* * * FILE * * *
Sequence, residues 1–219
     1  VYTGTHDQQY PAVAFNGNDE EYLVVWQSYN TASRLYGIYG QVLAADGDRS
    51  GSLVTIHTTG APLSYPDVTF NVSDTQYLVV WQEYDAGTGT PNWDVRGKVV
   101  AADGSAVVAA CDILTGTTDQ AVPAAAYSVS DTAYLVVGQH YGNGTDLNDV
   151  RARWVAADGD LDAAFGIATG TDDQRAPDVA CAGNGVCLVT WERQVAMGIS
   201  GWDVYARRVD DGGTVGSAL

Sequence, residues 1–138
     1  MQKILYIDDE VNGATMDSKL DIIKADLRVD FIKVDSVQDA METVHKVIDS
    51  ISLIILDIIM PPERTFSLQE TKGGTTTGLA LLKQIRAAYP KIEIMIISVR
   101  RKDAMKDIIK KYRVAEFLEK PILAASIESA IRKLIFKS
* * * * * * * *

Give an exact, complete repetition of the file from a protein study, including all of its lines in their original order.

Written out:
Sequence, residues 1–219
     1  VYTGTHDQQY PAVAFNGNDE EYLVVWQSYN TASRLYGIYG QVLAADGDRS
    51  GSLVTIHTTG APLSYPDVTF NVSDTQYLVV WQEYDAGTGT PNWDVRGKVV
   101  AADGSAVVAA CDILTGTTDQ AVPAAAYSVS DTAYLVVGQH YGNGTDLNDV
   151  RARWVAADGD LDAAFGIATG TDDQRAPDVA CAGNGVCLVT WERQVAMGIS
   201  GWDVYARRVD DGGTVGSAL

Sequence, residues 1–138
     1  MQKILYIDDE VNGATMDSKL DIIKADLRVD FIKVDSVQDA METVHKVIDS
    51  ISLIILDIIM PPERTFSLQE TKGGTTTGLA LLKQIRAAYP KIEIMIISVR
   101  RKDAMKDIIK KYRVAEFLEK PILAASIESA IRKLIFKS